Cell Phone Number Portability – It's Time.

Wired reports today that cell phone industry underdogs Verizon and T-Mobile support a plan that would allow cell phone customers to switch carriers without giving up their phone numbers. Bravo.

[…] The FCC has mandated that the cell-phone industry let its customers switch carriers without having to give up their phone numbers by Nov. 24. But the industry has vehemently opposed the policy, saying it could cost carriers up to $500 million a year to implement […]

I currently am a Verizon customer. But I'm not tied to Verizon. I think there are better providers with more cost effective plans and better service – for my needs. But I've been hanging with Verizon for three years or more because I don't want to give up my phone number. And why should I? But fact is if you switch carriers today, you lose your number. It's a “got 'em by the balls” situation. And frankly, I hope the grip is loosened.

“While the national wireless carriers have uniformly stated their general opposition to WNP (wireless local number portability), we think it is interesting that Verizon Wireless and T-Mobile USA are among the first to potentially break ranks,” the analysts said. “In our view, this makes sense.”

To counter a potential stampede of customer defections, AT&T is lobbying the FCC to extend number portability to traditional home and business land-line customers to keep their numbers but switching to a cell phone instead. It looks like we could be getting closer to realizing the promise of a single phone number or other alternative of a follow-me (where the one phone number always finds you — regardless of where you are) type of telecommunication service.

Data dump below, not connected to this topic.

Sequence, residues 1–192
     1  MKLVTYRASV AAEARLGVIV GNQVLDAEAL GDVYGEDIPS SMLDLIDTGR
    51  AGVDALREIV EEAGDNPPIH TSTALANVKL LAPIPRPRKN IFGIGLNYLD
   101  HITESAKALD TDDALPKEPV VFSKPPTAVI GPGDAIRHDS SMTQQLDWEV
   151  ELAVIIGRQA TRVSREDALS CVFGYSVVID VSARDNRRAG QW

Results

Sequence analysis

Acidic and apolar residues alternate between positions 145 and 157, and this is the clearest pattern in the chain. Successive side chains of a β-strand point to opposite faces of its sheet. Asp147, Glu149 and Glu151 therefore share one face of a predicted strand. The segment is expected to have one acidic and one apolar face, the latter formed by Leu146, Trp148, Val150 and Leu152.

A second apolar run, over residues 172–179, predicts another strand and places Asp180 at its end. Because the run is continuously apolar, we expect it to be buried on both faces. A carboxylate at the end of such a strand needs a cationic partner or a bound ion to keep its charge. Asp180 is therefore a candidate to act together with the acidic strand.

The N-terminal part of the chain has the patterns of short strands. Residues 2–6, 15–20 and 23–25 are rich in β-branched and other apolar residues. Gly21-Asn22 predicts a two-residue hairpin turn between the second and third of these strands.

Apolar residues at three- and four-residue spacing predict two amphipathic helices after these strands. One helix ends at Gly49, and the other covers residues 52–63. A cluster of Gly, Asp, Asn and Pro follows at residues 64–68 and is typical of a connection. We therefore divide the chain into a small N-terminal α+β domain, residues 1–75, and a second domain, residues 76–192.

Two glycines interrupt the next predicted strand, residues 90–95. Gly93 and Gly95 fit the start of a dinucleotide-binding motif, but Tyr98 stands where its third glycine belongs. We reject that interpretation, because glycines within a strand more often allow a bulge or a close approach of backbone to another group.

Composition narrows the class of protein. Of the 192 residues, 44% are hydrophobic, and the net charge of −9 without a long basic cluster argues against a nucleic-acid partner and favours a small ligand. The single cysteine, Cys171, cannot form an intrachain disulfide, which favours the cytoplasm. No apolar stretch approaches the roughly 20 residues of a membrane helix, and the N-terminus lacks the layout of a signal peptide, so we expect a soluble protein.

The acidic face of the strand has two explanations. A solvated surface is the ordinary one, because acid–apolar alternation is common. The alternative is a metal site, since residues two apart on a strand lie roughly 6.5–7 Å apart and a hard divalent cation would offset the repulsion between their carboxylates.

Should phone numbers be like domains? Once reserved, you can use the phone number with any provider you choose. Makes sense. But who really “owns” the phone numbers. Certainly the telecommunications giants have made large investments in infrastructure which enables the routing of telephone calls from land, air, sea and virtually everywhere else. I remember in 1995 or 1996 during the infancy of telecom deregulation (local and long distance services) I switched my company to MFS (ultimately acquired by WorldCom). Making this switch would save our company thousands of dollars. But there would be a cost. I would have to change our phone number. In analyzing the numbers I realized that the cost to switch numbers would ultimately cost more in customer confusion and potentially lost business, I passed on the switch. At that point MFS indicated that we could “rent” the phone number (the primary number, we had 7 or 8 rollover lines) from Pacific Bell (my carrier at the time) and like an alias on my computer all calls to the Pac Bell number would get “forwarded” transparently to the new MFS number. I bought it. The rental fee was less than $5 a month or so. But as telecom services emerged, this aliasing/forwarding would have side effects not considered at the time: caller ID. Making calls from the primary line would confuse the caller ID services of our vendors, customers and our employees. The “real” MFS number was transparent. Until caller ID. And when callers would confirm our phone number on the digital readout, our employees were confused. Where did THAT number come from. Crazy stuff. Frankly, we should have been able to keep our original phone number and saved time and effort for SBC, MFS and our team.

Technology and infrastructure changes (ie. wi-fi) make it hard for the FCC to keep up. As a result, a bevy of regulation and deregulation agendas either speed through without critical assessment of what's right for customers or even worse, stall due to the collective lobbying efforts of industry and special interest groups. But for me, my concern is now. Let me keep my phone number. And help me from an endless update of phone numbers from friends and associates who fill my email with changes making my address book updates a full time task.